The nature/nurture debate ends right here. I’ve had a full-on obsession with Southern cuisine as far back as I can remember. It is my favourite food. If I ever have the misfortune of being on death row, my last meal request will be Leah Chase’s Fried Chicken, Patti LaBelle’s Over-The-Rainbow Mac ‘N Cheese, Lee Bros. Fried Green Tomatoes, James Villas’ Candied Sweet Potatoes, Mrs. Wilkes’ Boardinghouse-style Biscuits and some sweet tea with bourbon. I could then die in peace.
But where did I develop my admiration for Southern food? I mean, it’s a reasonable question and one that’s often asked. I’m a French-Canadian dude who lives far north of the Mason-Dixon line. I didn’t grow up under a cypress tree in Charleston nor did I visit any relatives in Augusta during summer break. I was raised squarely on escargots, soupe à l’oignon and Coquilles St-Jacques. Not a biscuit to be found for kilometers. So really, there is no explanation other than I’ve coveted fried okra and peach cobbler since my beginnings. I’ve long ago surrendered to the fact that I was just born with smothered chicken gravy running through my veins. And why should I fight it? There are worse fates than having an innate ability to cook fried chicken and shrimp & grits. When it comes down to it, I am drawn by the cuisine’s hallowed traditions and unique cooking styles, its use of fresh ingredients, but mostly to its ability to provide feel-good old-fashioned comfort.
It is for this reason that every year I play host to a group of friends who indulge me in my zeal to create a Southern tradition north of the border. And I’m more than happy to be their comfort food ambassador. Here are some pics from this year’s “Southern Dinner.”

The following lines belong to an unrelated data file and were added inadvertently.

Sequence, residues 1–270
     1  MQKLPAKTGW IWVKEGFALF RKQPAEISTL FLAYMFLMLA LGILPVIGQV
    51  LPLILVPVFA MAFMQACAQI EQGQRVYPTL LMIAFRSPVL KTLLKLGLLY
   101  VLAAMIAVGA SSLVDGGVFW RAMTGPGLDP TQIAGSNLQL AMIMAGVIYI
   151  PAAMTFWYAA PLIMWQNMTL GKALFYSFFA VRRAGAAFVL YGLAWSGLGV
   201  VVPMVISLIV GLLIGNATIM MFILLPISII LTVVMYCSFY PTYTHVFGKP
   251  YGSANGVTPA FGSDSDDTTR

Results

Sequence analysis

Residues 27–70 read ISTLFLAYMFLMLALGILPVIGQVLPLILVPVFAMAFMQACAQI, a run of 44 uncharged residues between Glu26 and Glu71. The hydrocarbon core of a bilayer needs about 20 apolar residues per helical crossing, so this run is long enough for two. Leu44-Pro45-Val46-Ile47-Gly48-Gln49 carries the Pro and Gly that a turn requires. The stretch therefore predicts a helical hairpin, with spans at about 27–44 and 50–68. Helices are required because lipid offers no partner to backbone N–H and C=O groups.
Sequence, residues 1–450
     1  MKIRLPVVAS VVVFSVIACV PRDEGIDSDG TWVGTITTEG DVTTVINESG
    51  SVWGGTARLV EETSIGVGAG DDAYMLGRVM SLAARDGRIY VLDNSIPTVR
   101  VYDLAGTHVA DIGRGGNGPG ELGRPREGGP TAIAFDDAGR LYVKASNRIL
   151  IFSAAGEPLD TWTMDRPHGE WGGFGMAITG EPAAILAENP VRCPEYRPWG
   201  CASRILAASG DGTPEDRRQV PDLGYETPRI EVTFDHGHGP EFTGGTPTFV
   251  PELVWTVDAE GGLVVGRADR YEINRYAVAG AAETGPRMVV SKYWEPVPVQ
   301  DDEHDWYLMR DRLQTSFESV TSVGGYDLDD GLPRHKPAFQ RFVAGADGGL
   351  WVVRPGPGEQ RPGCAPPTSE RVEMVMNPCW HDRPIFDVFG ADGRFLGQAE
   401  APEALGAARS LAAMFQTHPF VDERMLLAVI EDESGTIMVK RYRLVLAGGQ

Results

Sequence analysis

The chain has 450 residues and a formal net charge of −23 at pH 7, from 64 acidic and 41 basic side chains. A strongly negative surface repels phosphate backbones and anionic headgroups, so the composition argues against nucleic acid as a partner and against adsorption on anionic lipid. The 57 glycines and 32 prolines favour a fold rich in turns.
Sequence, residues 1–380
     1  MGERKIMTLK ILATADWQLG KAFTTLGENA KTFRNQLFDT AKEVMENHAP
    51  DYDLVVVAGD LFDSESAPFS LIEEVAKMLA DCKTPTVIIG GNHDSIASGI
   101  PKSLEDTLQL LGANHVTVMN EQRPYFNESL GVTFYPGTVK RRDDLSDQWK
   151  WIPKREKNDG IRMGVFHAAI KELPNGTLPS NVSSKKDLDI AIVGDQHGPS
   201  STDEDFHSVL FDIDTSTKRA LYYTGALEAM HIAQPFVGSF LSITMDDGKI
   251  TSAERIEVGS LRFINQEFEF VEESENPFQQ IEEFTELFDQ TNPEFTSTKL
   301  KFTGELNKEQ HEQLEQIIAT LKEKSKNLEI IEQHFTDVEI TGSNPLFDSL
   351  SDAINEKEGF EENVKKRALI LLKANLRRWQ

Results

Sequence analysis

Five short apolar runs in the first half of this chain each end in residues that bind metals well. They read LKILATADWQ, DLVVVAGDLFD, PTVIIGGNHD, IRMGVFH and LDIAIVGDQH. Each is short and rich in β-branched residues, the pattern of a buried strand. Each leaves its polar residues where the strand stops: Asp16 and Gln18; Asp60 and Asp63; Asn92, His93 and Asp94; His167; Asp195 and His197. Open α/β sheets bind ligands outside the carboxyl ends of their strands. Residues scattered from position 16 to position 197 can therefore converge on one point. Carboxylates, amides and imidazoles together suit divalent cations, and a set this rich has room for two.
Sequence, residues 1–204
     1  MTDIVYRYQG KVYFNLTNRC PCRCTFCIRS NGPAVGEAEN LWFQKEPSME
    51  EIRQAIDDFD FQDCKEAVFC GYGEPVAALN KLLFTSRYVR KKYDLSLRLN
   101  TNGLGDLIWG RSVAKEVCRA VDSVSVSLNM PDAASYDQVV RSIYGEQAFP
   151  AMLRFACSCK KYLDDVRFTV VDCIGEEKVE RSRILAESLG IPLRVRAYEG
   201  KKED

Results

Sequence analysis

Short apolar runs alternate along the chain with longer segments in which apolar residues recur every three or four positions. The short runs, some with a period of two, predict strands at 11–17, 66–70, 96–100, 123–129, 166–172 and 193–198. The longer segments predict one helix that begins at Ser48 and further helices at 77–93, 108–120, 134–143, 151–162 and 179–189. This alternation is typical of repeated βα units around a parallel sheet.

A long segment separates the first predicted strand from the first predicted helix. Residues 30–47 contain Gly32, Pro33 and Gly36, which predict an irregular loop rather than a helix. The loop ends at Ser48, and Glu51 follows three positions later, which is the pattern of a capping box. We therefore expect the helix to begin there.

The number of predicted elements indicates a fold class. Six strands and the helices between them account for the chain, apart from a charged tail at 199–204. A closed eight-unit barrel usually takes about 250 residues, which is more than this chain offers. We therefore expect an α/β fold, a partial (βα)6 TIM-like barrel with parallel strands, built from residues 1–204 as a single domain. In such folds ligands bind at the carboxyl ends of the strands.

Bon Appétit Skillet-Fried Chicken
Light, crispy, juicy, tender and delicious. This best describes Bon Appétit Skillet-Fried Chicken or as the magazine describes it, “the only fried chicken recipe you’ll ever need.”
Tart and brimming with brisk flavour and apple-like crunch, these fried tomatoes are topped with a refreshingly creamy butter-milk lime herb dressing. This dish is unusual and one that my friends clamor for every year.
This blog entry is as much about friendship as it is about food. I have been blessed with some of the most supportive and lovesome friends. Forever there to help, to lean on and to let me be me. Elbert Hubbard once said, “The friend is the person who knows all about you, and still likes you.” And for that I am ever so grateful. And tis no better way to give thanks to my inner circle of most beloved than with the annual Southern Dinner.
For me, life without fried chicken would be an unworthy existence. I’m confident that I was raised as a southern boy in a previous life. And I find solace in the fact that this type of food provides the ultimate comfort, to me and to my pals.
Behold this year’s feast which consisted of fried green tomatoes, followed by fried chicken, mac n’ cheese, salad, whipped sweet potatoes with pecan topping and for desert, a lemon layer cake.
My employees get to keep their jobs. Thank you Baby Jesus! They made it through the months-long job cutting process and were ultimately retained. Our long national nightmare is over. I made chocolate mousse to celebrate. I whipped it up the night before the big reveal so this could just as well have been angry-dejected-soak-up-their-tears-throw-it-in-my-face mousse. Thankfully it was stoked-they-get-to-keep-their-job-so-they-can-continue-paying-their-bills-I’m-pumped-they’ll-be-sticking-around-cause-I-love-these-people mousse. Or as Cook’s Illustrated likes to call it, Dark Chocolate Mousse.